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Thursday, 1 June 2017
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When did Brigham Young visit Cache Valley?
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Most people with even a cursory knowledge of American history know something about Brigham Young: President of the LDS Church, Governor of Utah Territory, and the "Great Colonizer" (for his role in settling the mountain west). He left a deep impact in Cache Valley. In fact, well-known local historian, A.J. Simmonds

After a careful perusal of a variety of sources, I can find that he visited at least 7 times:


  • 1855 - In the November 7, 1855 issue of the Deseret News we learn that he and other traveled to Cache Valley on an exploratory trip.

  • 1860, June - Brigham Young and others came to Cache Valley to witness the dramatic growth and settlement of the area, nearly 10% of the population of the entire territory! Young spoke in a bowery built on the south east corner of 100 West and Center, saying "No other valley in the territory is equal to this."

  • 1863, August - Brigham Young and others spoke in a bowery (likely the same as 1860) and announced his feeling that there would someday be an LDS temple built in Logan.

  • 1869, June - Little is known about this visit, but he and others came and toured the Valley.

  • 1873, June - Although the Logan Tabernacle foundation was already begun, Brigham Young spoke on the need to construct a larger building. This meeting was held in a bowery constructed on the southeast corner of Tabernacle Square.

  • 1874, May - Brigham Young traveled north for a meeting in Franklin, Idaho, celebrating the completion of the railroad to that town. While enroute from Logan, the train jumped a track and he returned to Logan in a wagon. He also toured the church farm in southeastern Logan and announced plans for Brigham Young College.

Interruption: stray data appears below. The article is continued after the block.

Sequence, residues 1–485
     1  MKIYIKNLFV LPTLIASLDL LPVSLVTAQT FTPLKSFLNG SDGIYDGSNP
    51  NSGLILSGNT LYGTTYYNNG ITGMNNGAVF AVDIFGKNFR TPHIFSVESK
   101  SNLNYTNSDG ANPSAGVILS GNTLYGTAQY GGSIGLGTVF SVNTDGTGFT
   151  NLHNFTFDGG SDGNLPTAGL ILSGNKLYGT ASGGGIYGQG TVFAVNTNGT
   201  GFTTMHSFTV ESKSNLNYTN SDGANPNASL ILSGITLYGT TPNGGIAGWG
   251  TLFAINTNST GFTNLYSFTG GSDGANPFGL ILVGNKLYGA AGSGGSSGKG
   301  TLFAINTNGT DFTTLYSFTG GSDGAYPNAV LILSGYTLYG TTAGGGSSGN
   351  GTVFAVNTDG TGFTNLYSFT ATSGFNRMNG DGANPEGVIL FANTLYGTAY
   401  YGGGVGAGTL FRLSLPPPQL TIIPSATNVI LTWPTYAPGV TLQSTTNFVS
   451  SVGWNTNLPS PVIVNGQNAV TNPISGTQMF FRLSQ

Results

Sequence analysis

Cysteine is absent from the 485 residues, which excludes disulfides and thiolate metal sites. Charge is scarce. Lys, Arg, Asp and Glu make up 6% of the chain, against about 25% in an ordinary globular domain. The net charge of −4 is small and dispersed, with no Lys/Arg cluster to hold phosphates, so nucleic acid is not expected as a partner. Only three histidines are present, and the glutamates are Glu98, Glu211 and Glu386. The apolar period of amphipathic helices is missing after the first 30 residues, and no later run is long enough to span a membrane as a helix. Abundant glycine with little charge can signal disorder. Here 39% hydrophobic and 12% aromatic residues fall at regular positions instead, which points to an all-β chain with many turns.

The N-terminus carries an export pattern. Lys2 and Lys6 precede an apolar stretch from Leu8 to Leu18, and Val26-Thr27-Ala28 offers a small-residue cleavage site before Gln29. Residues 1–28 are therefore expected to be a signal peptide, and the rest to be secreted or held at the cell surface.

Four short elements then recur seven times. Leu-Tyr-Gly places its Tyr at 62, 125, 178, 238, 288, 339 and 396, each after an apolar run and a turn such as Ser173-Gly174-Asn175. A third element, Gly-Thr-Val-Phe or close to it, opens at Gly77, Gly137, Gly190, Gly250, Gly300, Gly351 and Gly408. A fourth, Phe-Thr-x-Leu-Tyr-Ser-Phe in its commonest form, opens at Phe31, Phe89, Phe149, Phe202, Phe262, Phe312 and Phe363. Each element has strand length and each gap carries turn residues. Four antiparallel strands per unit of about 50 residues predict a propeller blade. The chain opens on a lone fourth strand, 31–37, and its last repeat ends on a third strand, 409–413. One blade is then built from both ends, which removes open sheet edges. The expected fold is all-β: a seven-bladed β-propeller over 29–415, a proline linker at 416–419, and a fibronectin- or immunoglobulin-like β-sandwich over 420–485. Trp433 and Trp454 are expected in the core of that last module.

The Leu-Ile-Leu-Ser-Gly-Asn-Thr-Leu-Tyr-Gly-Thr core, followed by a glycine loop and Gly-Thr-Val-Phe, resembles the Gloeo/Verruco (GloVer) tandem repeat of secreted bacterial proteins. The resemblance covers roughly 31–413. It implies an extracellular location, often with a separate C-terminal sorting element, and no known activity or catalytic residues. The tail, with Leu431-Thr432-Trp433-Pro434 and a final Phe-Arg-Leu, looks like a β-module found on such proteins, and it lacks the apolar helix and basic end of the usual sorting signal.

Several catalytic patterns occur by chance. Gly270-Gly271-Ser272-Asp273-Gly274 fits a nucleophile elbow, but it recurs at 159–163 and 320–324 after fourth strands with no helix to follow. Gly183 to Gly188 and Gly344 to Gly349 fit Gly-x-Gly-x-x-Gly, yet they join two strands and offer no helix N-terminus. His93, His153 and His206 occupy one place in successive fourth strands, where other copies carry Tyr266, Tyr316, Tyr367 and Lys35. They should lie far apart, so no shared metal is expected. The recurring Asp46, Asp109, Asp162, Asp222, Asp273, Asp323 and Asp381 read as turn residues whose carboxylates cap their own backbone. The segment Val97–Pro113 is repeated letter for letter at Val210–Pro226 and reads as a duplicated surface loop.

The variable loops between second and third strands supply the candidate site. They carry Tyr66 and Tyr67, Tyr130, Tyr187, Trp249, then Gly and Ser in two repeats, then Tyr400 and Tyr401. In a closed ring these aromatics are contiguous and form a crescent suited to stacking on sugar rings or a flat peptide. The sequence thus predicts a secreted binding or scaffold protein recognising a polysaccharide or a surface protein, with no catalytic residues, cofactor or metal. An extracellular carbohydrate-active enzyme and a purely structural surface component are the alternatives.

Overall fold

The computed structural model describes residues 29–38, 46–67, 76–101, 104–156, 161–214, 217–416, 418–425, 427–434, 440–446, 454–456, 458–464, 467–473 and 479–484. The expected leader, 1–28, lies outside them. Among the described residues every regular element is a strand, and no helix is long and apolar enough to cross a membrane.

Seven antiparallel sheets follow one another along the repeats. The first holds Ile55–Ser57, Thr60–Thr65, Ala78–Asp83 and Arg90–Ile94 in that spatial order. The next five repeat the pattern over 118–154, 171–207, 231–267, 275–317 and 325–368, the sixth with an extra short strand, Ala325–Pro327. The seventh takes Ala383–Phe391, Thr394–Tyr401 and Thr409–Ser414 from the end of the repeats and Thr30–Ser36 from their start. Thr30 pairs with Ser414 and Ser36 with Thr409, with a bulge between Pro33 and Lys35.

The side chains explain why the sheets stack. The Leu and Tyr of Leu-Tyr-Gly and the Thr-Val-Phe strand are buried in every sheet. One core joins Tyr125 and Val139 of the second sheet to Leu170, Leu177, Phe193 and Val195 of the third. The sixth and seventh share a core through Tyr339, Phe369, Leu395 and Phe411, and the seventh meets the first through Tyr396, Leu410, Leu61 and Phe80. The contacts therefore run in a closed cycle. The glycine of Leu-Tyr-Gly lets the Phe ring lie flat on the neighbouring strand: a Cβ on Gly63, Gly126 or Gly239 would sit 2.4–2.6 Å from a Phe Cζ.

• 1877, May - While visiting the valley, he is remembered to have taken his grandson, George W. Thatcher, Jr. by the hand and said "Come on, Georgie, let's go pick a spot for the temple." The present site was selected and Young spoke to several crowds on the need to sacrifice to complete this temple.

If you are interested in learning more about any of these visits, please contact me.contact me.

~ Jason, Special Collections Librarian

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Posted By Logan Library - Logan History at 5:15 PM
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Monday, 27 March 2017
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First Four LDS Wards in Logan, Utah
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Because the Church of Jesus Christ of Latter-day Saints was directly responsible for permanent settlement of European settlers in Cache Valley, it may not be a surprise to know that there were organized congregations very early in the valley.

On November 14th 1859 William B. Preston was called to be the first LDS bishop in Logan. He served until April 14th 1861 when growth in Logan demanded that the one ward be subdivided into four wards with bishops called for each: Benjamin Lewis (1st Ward), Henry Ballard (2nd Ward), John B. Thatcher (3rd Ward), and Thomas X. Smith (4th Ward). Each of these wards continue to be integral in the religious and cultural makeup of our city to this day.

Check out the following sources to learn more:


~ Jason, Special Collections Librarian

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Posted By Logan Library - Logan History at 12:56 PM
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Thursday, 17 September 2015
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Twentieth Anniversary of Local Historian's Death
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This year marks the twentieth anniversary of the loss of Andrew Jeffrey "A.J" Simmonds, prominent Cache Valley historian. For 28 years, Simmonds served as the curator of archives and special collections at Utah State University's Merrill-Cazier Library. He died on the morning of June 18, 1995 in his home in Trenton, Utah.

Mr. Simmonds contributed greatly to the understanding of Cache Valley history. Among his publications found in our library:


~ Jason, Special Collections Librarian

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Posted By Logan Library - Logan History at 3:46 PM
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